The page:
OAKLEY -- Freedom High School has moved into the finals of a national competition that could bring it a truckload of technology.
And anyone who wants to see that happen can give the Oakley campus a thumbs up with the click of a mouse.
Environmental sciences teacher John Sierra and his students this week entered the final phase of Samsung's third annual Solve for Tomorrow, a contest designed to foster students' interest in science, technology, engineering and math by challenging them to come up with projects that tackle real-world environmental problems in their communities.
As one of 15 finalists, Freedom High is in contention for approximately $110,000 worth of technology, a grand prize that will be awarded to five high schools in March.
A panel of judges will choose three of the schools, Samsung employees will select the fourth, and the general public will decide the last one by voting online.
People can choose which project they think merits top honors by going to http://smsn.us/samsungsolve, which features videos describing each school's project.
Individuals can vote once a day after entering and verifying their email address.
The deadline is midnight March 4.
The winners will be announced on an as-yet undisclosed date next month.
The Oakley team entered the competition after deciding to landscape a nearly 6,000-square-foot plot on campus with native California plants, an outdoor classroom Sierra plans to use to underscore the importance of conserving water and preserving natural habitat.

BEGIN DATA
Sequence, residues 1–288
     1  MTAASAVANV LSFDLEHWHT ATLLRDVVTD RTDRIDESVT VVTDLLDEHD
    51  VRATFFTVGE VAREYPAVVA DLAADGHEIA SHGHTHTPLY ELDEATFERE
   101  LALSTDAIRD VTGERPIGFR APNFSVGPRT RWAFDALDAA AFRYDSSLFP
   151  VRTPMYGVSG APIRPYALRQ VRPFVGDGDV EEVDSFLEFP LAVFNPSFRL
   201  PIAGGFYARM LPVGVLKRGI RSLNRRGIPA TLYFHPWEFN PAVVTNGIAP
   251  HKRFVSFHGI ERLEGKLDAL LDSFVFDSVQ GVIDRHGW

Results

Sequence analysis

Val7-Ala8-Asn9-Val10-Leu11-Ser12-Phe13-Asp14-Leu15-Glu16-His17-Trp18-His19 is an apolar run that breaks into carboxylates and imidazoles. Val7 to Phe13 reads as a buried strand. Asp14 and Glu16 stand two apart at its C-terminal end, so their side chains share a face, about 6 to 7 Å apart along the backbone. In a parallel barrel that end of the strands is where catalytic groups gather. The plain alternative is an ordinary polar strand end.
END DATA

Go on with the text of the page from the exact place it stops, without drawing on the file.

Since the group started in early December it has planted its first tree, a Valley oak, along with several rosemary shrubs, a rose bush and a butterfly bush. Students also have started building a 50-foot planter box and assembling a shade structure.
Community members have been pitching in, too: Diablo Water District will donate wireless water meters so students can tell how much water they're using -- and saving -- in each of the five ecosystems they're creating, Sierra said.
And he noted that Oakley Councilman Randy Pope has offered bee boxes so the teens will have a way to pollinate their plants.
Sierra and his students were chosen from among 1,616 applicants to make the first cut, and as one of those 75 semifinalists they received a Samsung camcorder, laptop computer and Adobe video editing software to document their work.
Teens wrote the script and shot video, and Sierra edited their handiwork.
He discovered on Monday -- the same day the online polls opened -- that the video had earned Freedom a spot in the finals.
Contact Rowena Coetsee at 925-779-7141. Follow her at Twitter.com/RowenaCoetsee.